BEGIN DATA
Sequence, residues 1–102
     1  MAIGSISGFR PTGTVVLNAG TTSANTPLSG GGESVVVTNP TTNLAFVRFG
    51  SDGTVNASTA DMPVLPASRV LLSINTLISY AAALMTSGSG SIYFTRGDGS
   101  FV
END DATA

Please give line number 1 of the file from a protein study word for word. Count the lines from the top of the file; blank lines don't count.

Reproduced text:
Sequence, residues 1–102